Scheduling her dances
Dance cards are small folding cards, usually palm-sized or smaller, with a list of the dances scheduled for the evening: a miniature program. Each lady is given a dance card as she enters the ballroom, and the men may receive cards also. Next to each musical number is a blank line where she may write a man's name (or have him write it) to reserve her company for that dance.
So this custom is a little piece of formal-dance etiquette. The discussion here is an offshoot of my observations on Dancing Socially at a Formal Ball; it is a personal reflection from a non-expert.
Reserving her company means dating ahead.
The advantage to the lady is that as she fills her dance card with promised partners, she worries less about having to sit out some of the dances. If she is popular or diligent early on, she may fill her card for the whole evening. She or her prospective partners may want to secure a waltz, or (less likely) a polka, or the dance to a famous waltz such as the "Blue Danube" or "Artist's Life" or "Roses from the South", or another favorite song on the program.
The advantage to the man is similar. He needn't scramble to get some lady's attention after a musical number ends, then quickly ask her hand for the next dance.
So far, so good. It's a charming custom with a long history as an auxiliary to dance, although much less important than costume. There is a Dance Card Museum online, with pictures of old-time cards.
Each dance card generally comes with a string or cord or ribbon through a corner, so the lady may attach it to her wrist or cuff, rather like a price tag. Her card mustn't be left back at the lady's table or seat, or she won't have it at hand when she wants to check who's next on the list, or to write in additional promised partners.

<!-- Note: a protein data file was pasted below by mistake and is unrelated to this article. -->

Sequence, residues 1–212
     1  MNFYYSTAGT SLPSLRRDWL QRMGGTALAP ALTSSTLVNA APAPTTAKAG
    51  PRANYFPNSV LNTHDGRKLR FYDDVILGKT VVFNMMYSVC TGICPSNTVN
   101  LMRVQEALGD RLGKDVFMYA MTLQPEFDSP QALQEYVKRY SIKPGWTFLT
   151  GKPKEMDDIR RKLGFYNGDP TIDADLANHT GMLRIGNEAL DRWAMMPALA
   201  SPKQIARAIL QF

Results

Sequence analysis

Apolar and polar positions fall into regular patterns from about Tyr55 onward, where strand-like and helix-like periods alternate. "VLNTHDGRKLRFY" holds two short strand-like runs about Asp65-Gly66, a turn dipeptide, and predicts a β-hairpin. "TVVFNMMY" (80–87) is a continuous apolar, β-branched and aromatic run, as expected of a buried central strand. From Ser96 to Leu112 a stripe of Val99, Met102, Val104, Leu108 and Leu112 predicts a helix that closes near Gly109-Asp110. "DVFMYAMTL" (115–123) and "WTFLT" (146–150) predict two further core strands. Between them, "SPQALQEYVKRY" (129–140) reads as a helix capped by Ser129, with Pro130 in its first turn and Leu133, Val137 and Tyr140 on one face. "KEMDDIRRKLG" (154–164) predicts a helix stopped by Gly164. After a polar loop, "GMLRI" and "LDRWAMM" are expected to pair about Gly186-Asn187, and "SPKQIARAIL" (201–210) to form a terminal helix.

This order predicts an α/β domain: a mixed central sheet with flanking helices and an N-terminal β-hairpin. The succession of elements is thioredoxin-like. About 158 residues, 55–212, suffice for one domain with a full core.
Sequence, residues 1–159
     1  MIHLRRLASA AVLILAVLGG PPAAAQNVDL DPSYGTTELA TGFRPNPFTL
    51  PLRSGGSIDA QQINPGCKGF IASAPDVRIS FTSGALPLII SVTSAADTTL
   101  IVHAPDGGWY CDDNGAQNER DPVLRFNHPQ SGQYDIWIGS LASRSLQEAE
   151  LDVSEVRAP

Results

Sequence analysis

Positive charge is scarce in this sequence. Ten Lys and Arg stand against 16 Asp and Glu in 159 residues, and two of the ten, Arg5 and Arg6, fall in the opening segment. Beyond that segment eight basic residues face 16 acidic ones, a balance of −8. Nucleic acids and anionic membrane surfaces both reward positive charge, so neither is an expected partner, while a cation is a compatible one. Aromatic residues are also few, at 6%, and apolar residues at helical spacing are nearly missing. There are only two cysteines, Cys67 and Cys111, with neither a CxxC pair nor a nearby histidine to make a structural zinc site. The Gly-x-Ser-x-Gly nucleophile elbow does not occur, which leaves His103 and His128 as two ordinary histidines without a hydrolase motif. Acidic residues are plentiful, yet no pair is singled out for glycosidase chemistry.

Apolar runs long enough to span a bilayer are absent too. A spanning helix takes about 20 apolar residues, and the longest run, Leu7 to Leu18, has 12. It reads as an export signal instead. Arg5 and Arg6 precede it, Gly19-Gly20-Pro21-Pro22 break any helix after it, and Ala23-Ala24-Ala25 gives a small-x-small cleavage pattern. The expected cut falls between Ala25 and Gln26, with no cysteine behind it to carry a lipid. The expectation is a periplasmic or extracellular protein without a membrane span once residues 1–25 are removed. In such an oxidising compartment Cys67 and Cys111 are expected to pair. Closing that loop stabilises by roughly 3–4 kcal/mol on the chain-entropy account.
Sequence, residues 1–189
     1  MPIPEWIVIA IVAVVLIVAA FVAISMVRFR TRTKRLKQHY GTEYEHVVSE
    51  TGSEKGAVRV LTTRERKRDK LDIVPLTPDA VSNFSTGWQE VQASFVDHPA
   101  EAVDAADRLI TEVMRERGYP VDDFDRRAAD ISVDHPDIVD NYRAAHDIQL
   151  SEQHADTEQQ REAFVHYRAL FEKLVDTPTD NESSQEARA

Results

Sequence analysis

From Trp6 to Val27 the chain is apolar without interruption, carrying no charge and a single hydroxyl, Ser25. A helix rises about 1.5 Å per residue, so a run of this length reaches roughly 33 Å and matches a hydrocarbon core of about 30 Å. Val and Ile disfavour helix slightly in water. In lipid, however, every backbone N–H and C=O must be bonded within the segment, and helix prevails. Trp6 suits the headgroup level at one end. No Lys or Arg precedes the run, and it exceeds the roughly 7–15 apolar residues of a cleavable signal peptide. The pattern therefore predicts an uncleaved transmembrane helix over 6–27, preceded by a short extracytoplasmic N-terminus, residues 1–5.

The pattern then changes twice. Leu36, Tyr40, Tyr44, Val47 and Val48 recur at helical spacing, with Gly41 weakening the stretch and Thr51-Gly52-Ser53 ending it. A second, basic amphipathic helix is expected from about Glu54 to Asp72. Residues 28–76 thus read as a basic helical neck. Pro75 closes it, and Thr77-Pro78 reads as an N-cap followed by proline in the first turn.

Disadvantages? With the best intentions, sometimes men forget whose card they signed, or for which dance. Sometimes ladies forget to check their cards. Or one or both is deep in conversation elsewhere. Often, the signed-up partners cannot find each other even though both are looking. With hundreds of dancers circulating at a Waltz Ball, plus lobby and side rooms and back balcony and refreshments and restrooms, it's easy to miss your signed-up partner.
Sometimes the orchestra deliberately or inadvertently switches the order of the musical pieces, adds or deletes items, even occasionally swapping a waltz and a polka.
There are still other disadvantages. What if a lady really needs to rest her aching feet and skip a dance? And in the course of an evening, inevitably we encounter more old and new acquaintances. What if your card (or her card) is filled many dances ahead, and you meet an old dance friend you want to dance with? Or you've just met a potential romantic partner, with whom you'd really like to share a whirl around the floor? Not good at all if the card is filled.
Be pleasant to those of the opposite card-carrying persuasion, and agree or decline to use the cards as you wish. I don't sign dance cards. Your cardage may vary.
Telepathy calls the tune
Perhaps you'll indulge me in following a ballroom quotation from a classic science-fiction novel. In Edward E. Smith's Lensman series of novels, a Lens is an exotic and rare instrument that allows its wearer to exercise special abilities, most famously telepathy. Kimball Kinnison, a Galactic Patrol pilot officer — who's lately also become an almost-fabulous Gray Lensman — is attending a grand ball when he recognizes space-navy nurse Clarrissa MacDougall across the crowded dance floor:
© 2003 Robert Wilfred Franson
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